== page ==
If the new command does have special execution parameters, the redundancy manager establishes if there are any outstanding commands to the device on any physical path (block 850). The redundancy manager preserves but does not interfere with the ordering semantics of a particular protocol associated with the physical path. Given the decision that ordering semantics or some other priority scheme must be preserved, the redundancy manager logically degrades the redundant physical paths to one path and the protocol of that physical path then enforces the ordering semantics or priority scheme. If there are outstanding commands on more than one physical path, then the outstanding commands must execute first and the redundancy manager waits until only one physical path has outstanding commands (block 860). The redundancy manager selects the physical path with outstanding commands to the device (block 835). If, however, there is only one physical path that has outstanding commands to the device, then the redundancy manager selects that path having the outstanding commands (block 835).
It is to be understood that the present invention, in accordance with at least one present embodiment, includes elements that may be implemented on at least one electronic enclosure, such as general-purpose server running suitable software programs.
Although illustrative embodiments of the present invention have been described herein with reference to the accompanying drawings, it is to be understood that the invention is not limited to those precise embodiments, and that various other changes and modifications may be affected therein by one skilled in the art without departing from the scope or spirit of the invention.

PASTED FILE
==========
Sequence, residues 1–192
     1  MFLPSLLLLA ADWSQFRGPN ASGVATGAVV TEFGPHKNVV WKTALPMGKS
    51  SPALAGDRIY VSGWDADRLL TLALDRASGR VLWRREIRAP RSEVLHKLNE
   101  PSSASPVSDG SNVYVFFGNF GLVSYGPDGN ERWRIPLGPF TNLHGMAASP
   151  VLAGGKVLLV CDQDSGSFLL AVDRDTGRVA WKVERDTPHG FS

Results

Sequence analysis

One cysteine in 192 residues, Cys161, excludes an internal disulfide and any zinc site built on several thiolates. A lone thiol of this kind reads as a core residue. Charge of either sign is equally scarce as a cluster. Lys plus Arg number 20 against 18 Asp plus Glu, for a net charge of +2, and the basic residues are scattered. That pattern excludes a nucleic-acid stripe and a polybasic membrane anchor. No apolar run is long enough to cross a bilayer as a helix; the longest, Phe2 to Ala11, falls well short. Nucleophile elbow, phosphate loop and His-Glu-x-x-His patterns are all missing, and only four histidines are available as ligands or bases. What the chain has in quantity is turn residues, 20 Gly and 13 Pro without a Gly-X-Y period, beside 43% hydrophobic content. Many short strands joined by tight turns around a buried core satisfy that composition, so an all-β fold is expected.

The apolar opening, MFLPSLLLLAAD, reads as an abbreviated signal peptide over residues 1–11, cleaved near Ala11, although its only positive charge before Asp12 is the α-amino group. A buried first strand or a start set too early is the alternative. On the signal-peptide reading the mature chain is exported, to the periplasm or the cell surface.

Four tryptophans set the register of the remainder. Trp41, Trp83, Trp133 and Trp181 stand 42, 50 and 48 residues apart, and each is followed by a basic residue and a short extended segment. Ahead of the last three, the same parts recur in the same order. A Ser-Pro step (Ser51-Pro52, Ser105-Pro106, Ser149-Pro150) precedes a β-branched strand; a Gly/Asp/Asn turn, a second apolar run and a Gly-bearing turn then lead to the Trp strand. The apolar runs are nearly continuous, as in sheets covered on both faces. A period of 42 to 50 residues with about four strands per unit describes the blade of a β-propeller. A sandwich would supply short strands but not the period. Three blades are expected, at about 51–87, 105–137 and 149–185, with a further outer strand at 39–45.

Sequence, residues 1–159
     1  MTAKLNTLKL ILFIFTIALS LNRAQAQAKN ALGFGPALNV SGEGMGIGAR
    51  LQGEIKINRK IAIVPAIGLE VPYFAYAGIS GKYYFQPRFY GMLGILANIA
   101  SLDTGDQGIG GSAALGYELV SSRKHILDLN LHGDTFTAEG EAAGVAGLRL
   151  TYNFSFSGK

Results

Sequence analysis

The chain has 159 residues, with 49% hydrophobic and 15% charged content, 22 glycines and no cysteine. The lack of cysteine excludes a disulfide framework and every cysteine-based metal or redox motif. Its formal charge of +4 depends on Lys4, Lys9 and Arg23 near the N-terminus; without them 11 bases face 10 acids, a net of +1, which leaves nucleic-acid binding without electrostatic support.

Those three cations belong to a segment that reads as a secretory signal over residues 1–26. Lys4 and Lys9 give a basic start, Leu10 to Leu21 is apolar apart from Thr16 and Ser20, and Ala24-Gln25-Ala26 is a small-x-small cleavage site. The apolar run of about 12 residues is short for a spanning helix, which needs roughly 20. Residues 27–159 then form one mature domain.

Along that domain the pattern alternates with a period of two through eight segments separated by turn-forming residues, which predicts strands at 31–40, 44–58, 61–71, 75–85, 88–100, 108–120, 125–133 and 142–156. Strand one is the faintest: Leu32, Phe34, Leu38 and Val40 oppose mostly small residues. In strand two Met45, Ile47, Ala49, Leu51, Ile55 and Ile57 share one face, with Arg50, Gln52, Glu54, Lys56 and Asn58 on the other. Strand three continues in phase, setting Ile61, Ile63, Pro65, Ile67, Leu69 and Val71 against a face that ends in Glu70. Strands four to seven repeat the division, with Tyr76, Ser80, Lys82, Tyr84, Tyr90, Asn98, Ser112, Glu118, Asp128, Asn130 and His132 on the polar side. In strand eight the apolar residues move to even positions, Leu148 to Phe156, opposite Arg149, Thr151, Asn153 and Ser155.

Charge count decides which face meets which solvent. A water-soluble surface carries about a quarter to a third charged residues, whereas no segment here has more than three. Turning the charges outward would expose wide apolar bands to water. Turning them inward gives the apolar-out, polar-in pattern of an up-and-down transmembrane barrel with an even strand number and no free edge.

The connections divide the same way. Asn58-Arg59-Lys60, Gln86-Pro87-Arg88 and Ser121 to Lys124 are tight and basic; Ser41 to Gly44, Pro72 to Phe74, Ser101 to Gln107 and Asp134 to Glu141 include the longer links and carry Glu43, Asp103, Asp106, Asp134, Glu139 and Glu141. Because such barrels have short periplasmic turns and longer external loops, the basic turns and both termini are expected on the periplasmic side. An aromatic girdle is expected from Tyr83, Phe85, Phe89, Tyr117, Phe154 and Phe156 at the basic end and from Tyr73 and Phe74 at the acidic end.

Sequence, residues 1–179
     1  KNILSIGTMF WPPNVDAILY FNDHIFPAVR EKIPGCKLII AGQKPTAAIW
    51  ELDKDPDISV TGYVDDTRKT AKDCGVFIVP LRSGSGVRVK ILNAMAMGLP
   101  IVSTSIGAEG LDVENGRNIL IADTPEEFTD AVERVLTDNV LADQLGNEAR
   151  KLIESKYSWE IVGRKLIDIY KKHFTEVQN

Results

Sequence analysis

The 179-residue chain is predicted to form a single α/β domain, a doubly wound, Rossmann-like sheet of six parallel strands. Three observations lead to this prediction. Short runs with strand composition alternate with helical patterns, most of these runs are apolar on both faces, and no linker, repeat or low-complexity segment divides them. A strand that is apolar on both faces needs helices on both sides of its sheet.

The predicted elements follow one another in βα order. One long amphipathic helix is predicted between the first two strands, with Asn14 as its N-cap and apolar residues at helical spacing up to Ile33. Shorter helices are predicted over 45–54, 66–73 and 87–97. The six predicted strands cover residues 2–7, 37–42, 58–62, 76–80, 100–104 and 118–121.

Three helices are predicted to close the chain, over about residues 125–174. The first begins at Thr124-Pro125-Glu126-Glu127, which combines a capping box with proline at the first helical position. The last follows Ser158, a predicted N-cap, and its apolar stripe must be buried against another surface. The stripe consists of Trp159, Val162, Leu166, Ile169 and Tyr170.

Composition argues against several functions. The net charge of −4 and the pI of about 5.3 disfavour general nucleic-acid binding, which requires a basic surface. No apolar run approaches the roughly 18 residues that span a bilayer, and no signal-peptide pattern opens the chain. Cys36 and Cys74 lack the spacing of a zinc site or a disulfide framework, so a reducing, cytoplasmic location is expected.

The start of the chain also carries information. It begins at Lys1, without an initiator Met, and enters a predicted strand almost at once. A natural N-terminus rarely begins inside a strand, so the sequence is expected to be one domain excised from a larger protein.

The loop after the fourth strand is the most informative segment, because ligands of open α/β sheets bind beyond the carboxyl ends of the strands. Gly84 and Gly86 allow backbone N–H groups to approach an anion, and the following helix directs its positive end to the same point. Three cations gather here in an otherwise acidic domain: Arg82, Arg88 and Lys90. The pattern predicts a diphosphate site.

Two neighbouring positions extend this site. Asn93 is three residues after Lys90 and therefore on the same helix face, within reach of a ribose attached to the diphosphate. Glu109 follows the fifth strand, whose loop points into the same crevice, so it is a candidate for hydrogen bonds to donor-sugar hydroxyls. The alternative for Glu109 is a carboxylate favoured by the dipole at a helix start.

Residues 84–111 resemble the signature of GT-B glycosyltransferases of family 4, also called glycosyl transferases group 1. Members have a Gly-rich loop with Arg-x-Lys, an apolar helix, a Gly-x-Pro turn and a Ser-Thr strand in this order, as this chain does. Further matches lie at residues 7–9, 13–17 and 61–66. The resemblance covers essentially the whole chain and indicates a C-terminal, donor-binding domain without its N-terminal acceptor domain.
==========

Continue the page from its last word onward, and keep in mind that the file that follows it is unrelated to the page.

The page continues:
The accompanying figures and this description depicted and described embodiments of the present invention, and features and components thereof. Those skilled in the art will appreciate that any particular program nomenclature used in this description was merely for convenience, and thus the invention should not be limited to use solely in any specific application identified and/or implied by such nomenclature. Thus, for example, the routines executed to implement the embodiments of the invention, whether implemented as part of an operating system or a specific application, component, program, module, object, or sequence of instructions could have been referred to as a “program”, “application”, “server”, or other meaningful nomenclature. Therefore, it is desired that the embodiments described herein be considered in all respects as illustrative, not restrictive, and that reference be made to the appended claims for determining the scope of the invention.
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|U.S. Classification||710/38, 710/36, 710/62, 370/248, 710/74, 714/56, 714/43|
|Cooperative Classification||G06F11/2007, G06F11/0745, G06F11/0781|
|European Classification||G06F11/20C4, G06F11/07P1K, G06F11/07P4E|
|Apr 20, 2009||AS||Assignment|
Owner name: INTERNATIONAL BUSINESS MACHINES CORPORATION, NEW Y
Free format text: ASSIGNMENT OF ASSIGNORS INTEREST;ASSIGNORS:BAUMAN, SCOTT A.;BOWLES, BRIAN L.;VINSKI, ANTHONY P.;ANDOTHERS;SIGNING DATES FROM 20090408 TO 20090416;REEL/FRAME:022566/0510
|Jul 17, 2015||REMI||Maintenance fee reminder mailed|